• CGNetworks Feature ::Reader Project
    The Making of The Baron’s Flight

    5th May 2005 - Kornél Ravadits
    The Baron's Flight is an illustration for an upcoming book. This was created entirely digitally, using Painter and Photoshop. This was the second piece in a series of Munchausen paintings, and so the characters and color-palettes had to fit in with the existing first picture.

    In order to be able to preserve the Baron's character, I created a small clay model of his head. In my experience, this is easier to work with than a character sheet, especially when extreme viewing angles are needed. Of course, during this process, the figure itself has changed and become clearer.
    In this painting I wanted to capture the moment when the Baron is already fiercely riding a cannonball, and is flying over the enemy Turks who are attacking the town. At the same time, he realizes the massive size of the army and the obvious dangers of his endeavor.

    Composition & Colours
    The composition covers an exaggerated wide angle, because this allowed me to include more movement and environment in the painting. I also tried to achieve this by using many complementary colors: the green-red, the orange-blue, and the contrast of dark and bright next to each other create a powerful, high-energy mood. Besides, I felt it important to maintain the mood of the illustration, as the theme is more comical than artistic.
    Baron Step by Step
    A: Initial research line-drawing.
    Using the original blue color used in traditional animation - on this, the clean-up drawing's black lines will be more easily visible.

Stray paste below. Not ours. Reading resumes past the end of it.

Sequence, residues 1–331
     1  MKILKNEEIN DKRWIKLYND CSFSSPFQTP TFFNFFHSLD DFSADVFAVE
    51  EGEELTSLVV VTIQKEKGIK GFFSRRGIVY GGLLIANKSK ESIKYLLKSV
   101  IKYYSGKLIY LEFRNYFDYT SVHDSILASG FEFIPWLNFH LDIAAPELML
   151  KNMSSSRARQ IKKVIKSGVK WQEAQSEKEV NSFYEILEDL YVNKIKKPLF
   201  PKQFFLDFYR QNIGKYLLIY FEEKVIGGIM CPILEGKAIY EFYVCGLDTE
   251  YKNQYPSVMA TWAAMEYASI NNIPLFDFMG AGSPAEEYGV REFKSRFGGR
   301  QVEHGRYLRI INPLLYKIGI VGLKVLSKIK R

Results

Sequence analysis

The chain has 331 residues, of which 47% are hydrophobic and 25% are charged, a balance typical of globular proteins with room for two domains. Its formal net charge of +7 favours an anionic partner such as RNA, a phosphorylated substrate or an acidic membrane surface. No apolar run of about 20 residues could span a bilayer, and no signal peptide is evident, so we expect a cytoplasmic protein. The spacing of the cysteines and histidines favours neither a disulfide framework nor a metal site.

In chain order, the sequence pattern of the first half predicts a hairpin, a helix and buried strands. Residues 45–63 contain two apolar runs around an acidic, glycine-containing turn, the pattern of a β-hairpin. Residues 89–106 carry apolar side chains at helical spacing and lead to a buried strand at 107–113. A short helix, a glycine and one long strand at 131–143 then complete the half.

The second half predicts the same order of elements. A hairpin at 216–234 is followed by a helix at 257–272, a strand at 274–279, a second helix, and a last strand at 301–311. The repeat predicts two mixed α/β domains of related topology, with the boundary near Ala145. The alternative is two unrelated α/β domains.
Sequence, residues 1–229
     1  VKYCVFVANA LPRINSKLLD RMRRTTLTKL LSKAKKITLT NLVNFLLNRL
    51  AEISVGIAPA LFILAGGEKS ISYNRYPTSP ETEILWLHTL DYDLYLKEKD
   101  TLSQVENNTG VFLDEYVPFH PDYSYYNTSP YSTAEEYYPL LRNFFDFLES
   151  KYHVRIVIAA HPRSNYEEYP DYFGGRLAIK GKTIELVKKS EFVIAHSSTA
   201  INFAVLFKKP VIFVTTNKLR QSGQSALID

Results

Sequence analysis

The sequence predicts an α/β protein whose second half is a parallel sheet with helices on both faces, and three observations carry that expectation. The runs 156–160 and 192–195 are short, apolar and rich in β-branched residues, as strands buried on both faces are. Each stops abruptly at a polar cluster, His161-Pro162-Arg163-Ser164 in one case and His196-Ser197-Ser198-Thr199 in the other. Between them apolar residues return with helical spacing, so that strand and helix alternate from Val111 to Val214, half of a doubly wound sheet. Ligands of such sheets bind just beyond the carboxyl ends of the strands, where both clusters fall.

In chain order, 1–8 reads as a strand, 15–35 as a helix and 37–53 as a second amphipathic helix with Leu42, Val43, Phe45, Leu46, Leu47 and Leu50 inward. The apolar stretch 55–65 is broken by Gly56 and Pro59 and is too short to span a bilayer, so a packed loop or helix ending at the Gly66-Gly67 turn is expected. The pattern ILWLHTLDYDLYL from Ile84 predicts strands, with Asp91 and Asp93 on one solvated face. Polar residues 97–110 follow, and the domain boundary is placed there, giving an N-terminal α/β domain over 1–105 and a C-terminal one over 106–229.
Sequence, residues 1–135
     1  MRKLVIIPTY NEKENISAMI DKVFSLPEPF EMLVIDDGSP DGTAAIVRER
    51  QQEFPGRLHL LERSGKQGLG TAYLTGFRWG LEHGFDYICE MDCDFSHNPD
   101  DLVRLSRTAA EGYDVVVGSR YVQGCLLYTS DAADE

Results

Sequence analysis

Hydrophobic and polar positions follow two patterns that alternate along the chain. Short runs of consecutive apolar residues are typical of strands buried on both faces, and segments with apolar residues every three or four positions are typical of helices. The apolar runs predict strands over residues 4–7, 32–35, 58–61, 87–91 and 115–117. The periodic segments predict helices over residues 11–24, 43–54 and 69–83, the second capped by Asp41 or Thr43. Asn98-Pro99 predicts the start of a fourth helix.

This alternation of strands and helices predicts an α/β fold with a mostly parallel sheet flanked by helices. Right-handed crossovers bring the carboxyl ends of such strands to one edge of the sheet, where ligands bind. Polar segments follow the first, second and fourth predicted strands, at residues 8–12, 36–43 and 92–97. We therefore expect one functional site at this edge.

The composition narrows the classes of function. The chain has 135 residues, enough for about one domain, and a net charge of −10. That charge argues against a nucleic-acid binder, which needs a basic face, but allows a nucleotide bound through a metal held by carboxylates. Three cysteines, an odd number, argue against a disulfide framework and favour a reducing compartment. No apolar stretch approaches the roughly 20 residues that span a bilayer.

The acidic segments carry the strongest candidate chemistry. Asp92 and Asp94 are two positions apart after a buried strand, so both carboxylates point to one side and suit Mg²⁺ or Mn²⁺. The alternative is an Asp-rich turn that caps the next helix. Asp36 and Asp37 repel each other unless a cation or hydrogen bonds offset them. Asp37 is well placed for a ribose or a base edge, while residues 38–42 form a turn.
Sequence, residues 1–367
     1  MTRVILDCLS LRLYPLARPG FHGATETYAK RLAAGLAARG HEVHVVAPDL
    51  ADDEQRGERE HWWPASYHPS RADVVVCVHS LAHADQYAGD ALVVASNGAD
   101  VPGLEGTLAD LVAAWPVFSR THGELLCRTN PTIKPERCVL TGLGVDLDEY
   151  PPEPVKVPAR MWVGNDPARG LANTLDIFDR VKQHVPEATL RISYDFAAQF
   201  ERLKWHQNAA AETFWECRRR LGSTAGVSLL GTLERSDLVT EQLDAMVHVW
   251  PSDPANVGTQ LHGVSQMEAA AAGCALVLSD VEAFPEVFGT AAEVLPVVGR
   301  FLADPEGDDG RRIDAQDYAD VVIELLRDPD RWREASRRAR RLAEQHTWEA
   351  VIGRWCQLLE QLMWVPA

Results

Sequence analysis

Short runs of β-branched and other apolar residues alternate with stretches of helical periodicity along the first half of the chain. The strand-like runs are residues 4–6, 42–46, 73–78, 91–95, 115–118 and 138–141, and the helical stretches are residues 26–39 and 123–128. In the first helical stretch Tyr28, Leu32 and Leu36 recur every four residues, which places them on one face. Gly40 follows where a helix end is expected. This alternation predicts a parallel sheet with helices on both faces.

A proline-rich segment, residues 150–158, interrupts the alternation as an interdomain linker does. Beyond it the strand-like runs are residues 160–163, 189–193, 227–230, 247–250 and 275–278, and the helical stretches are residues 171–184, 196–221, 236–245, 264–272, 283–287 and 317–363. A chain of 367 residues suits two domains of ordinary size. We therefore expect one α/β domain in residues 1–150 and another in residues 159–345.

B: Cleaned up contour drawing with final details.C: Basic colors applied on top of the line-drawing (I used two layers for this, the upper Multiply line-drawing and the lower Color Layer).D: Working in the final details (done at the same time as the background of course, but on a separate layer).

  • The Making of The Baron’s Flight - cont...
    The Details
    The smoke and tendrils were all painted in Photoshop in high-resolution, then resized and placed into final positions. This way I could get nice effects quite simply. Of course I used many layers here as well, to aid in experimenting.

    Painter’s Captured Bristle paint-brush is my favorite, because it leaves a nice "track" or imprint, and has a more natural feel than the other, smoother brushes.

    The Artist
    My name is Kornél Ravadits. I was born in 1969 in Budapest, the capital of Hungary. After graduating from the Budapest University of Fine Arts I began working with computer graphics in 1995, and this has been my focus ever since. At the moment I work as a freelancer in graphics, spending most of my time on illustrations, graphic design, also post-production for film and TV spots.

    Related links:
    Kornél Ravadits

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